I guess I'm the target audience for CGI superhero smash up stuff, because I will watch all those films and probably have a lovely time with them. As Dudley suggests above though, these final act bits all sort of all meld together into white noise. But not all final-act CGI schmoz's are created equal: the worst I can recall was Justice League, probably because I forgot who everyone was and what was going on and I didn't care (same with Age of Ultron. And Iron Man 2, christ.). They can be done (relatively) effectively if some character drama has been threaded in: I don't mind the end of Black Panther because they're trading words at the same time as their silly claw suit train scrap. IW has this great structure where all the tension is about Thanos turning up and interacting with the lads; the big silly battle before that is all noise/window dressing. Maybe it's a false finish issue. These big battles are always built up to be the climax, but they never are, and they rarely resolve anything. Usually the scale/focus needs to close in on characters; couldn't we just cut out the battle bit altogether?
  10. jonny_rat

    Switching Off During the Finale

    Any bloody excuse to post this when watchmen comes up: https://acephalous.typepad.com/acephalous/2013/06/the-dark-knight-returns-and-the-zak-snyder-school-of-literal-filmmaking.html Watchmen the movie is sort of.. like Trump's personal fortune for me. No matter how much it fucks up, and fuck up it does, it's still going to be in credit at the end of the day because of how much it started with. Turning incredible source material into a perfectly cromulent popcorn-muncher can hardly be considered a glorious success though. Ender's Game: now that's an example of how to turn great source material into.. nothing. What a waste that was.
  11. jonny_rat

    Music that was too good for the game it was in.

    Absolutely ridiculous that the rubbish version of Golden Axe on the C64 had this incredible Jeroen Tel version of the theme:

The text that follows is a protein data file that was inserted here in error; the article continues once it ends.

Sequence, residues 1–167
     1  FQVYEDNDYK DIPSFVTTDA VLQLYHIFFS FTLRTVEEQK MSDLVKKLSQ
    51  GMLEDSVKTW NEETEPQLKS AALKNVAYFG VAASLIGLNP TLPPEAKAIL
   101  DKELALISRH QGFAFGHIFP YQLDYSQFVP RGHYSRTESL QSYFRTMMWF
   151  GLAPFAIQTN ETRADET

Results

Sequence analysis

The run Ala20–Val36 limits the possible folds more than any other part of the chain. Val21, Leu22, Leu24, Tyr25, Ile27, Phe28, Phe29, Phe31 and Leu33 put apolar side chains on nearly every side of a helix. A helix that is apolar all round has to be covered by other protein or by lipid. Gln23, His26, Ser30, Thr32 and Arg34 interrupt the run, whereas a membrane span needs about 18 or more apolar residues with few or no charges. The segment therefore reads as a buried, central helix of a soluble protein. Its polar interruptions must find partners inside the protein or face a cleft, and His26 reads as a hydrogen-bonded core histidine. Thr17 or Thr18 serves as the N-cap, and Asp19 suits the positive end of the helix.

12. jonny_rat

    Spending a year developing a game that sucks

    I need to watch that video you posted, but I was really impressed by this recent talk about Ghost Recon Wildlands: Ubisoft seem to have one of the most comprehensive approaches to UX. They do standard stuff - and I think have a full playtesting lab in the UK - but also do more innovative work like this, where they're bringing metrics together with other types of research. I love the bit about seeing players playing in a way that was unexpected from the data, then exploring who they were and why they were doing it, then creating content especially for those players.
  13. jonny_rat

    Spending a year developing a game that sucks

    Absolutely. I look at some of these crowd-funded projects that claim to be entirely led by community decision-making and feature requests, and think.. nah. You're either very smartly corralling that feedback and the questions you're asking, or you're going to end up with a right old mess. Hopefully, having one person (with knowledge of the end-to-end research process) managing the whole research programme should solve this, because they know the right types of methods to use at the right time. ..he says, knowing full well that sometimes they just get someone with a full time QA or marketing programme to manage to also do this on the side.
  14. jonny_rat

    Spending a year developing a game that sucks

    Holy cow. I was going to say say that there are rationales they could have used to come up with that number - some more robust than others - but that's just bonkers. And not even testing out the impact of that decision on players (could easily do some limited comparison studies with the new/old versions)!
  15. jonny_rat

    Spending a year developing a game that sucks

    Some really interesting inside experiences in this thread - thanks for posting them. From working as a user researcher in games, there are some familiar-sounding stories: reluctance to put the game in front of players early, difficulties with synthesising feedback from various sources, using internal dev staff as a substitute for actual player voices, and mixing up QA, market research and user research. I absolutely understand why all these things happen (usually budgetary reasons, or sometimes actual hostility to user research) but still, I wish they didn't. A few studios in the UK are catching on and recruiting user research teams, or - at the very least - someone to try and collate and interpret data and feedback. Slow going though.